In his seminal research on how information technologies (IT) create value, Prof. ErikBrynjolfsson (2003), director of the MIT Center for Digital Business, emphasizes thefact that what really counts is the hidden part of the iceberg. Pure technologyaccounts only for 10%, and technological complements (heterogeneous andcomplementary technologies) for another 15%. The remaining 75% of value creationcome from the renewal of the organization triggered by IS implementation.Brynjolfsson carried out this research among private companies in the US. We haveno similar study of the public service, but as far as we know, nothing prevents usfrom assuming that this is equally valid for the public sector.In the public sector, IT policies are influenced by a New Public Management (NPM)approach, which includes Business Process Management (BPM), outsourcing,customer-oriented service, downsizing and cost savings. The underlying conceptinvolves focusing on the front office to improve performance within the context of auser-provider relationship, and outsourcing the back office. Within such a framework,technology is seen as an exogenous change agent, and in this respect, expectationshave not been met (Dunleavy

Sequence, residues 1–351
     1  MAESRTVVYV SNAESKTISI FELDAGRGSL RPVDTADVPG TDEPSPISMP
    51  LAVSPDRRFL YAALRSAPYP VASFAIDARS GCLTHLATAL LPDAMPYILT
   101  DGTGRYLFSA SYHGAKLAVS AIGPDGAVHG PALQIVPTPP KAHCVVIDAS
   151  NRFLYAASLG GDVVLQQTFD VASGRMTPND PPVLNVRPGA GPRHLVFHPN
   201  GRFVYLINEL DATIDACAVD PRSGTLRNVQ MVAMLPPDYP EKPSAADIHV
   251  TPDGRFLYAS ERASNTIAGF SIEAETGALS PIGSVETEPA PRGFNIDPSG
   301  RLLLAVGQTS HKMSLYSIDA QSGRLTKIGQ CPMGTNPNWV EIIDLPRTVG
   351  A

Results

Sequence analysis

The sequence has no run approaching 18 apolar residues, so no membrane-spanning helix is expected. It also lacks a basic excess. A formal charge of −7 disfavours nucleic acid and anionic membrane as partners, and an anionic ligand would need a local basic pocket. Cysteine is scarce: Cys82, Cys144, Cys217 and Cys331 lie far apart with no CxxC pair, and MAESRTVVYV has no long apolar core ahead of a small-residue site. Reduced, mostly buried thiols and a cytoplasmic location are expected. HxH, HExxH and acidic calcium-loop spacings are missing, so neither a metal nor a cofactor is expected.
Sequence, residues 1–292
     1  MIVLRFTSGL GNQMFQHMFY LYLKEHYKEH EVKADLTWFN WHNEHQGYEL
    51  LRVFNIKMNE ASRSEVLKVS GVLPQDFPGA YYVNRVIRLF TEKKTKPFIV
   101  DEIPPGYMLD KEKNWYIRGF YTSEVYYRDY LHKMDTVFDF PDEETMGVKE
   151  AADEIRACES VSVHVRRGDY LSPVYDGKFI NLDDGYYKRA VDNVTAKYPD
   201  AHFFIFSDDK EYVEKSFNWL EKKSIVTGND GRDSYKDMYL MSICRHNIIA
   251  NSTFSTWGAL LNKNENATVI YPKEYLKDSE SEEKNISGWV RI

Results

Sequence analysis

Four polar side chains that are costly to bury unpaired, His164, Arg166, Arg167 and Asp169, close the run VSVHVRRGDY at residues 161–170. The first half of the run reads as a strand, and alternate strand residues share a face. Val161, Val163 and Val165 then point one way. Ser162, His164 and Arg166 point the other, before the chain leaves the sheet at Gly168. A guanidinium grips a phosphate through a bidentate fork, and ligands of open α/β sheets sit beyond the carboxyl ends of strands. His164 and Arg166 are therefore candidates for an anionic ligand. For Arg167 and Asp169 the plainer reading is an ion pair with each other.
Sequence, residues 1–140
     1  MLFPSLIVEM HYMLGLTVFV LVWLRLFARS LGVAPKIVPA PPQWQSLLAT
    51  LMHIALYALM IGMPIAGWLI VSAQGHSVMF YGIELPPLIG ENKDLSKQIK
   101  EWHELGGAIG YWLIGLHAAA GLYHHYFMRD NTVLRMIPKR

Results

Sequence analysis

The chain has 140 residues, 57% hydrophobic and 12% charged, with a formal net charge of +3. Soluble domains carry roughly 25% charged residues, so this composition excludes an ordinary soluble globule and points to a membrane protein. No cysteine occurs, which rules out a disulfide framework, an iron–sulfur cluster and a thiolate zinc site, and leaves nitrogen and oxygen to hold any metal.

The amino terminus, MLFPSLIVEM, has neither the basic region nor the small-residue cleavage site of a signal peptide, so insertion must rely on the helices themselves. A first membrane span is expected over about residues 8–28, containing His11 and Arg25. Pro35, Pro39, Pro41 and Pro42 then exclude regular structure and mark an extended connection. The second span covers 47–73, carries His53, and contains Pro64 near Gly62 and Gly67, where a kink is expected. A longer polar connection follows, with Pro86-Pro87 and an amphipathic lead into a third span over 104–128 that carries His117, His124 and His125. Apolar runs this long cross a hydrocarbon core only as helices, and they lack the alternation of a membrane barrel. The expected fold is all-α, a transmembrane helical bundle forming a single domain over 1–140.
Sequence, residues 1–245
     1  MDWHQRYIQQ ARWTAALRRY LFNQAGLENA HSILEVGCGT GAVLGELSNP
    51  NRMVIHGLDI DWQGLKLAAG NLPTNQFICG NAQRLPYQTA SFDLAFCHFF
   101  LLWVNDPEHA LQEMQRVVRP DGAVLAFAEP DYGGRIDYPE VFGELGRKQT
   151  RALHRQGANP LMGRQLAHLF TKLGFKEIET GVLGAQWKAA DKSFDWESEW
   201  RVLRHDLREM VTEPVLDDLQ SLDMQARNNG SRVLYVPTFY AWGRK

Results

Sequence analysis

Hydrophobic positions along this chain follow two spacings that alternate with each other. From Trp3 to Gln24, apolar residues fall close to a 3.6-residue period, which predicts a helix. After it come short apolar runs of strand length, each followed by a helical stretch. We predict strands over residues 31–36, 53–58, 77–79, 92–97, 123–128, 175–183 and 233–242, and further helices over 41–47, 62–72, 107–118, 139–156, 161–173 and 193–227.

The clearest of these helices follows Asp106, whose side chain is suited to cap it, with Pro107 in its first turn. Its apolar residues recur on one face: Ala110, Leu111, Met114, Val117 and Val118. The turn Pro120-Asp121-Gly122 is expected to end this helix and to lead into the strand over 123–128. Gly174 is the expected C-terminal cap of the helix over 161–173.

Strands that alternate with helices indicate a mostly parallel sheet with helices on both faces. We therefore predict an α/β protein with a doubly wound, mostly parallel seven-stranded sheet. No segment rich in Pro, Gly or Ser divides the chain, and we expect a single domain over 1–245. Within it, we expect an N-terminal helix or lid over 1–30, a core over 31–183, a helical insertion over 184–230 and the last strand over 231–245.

et al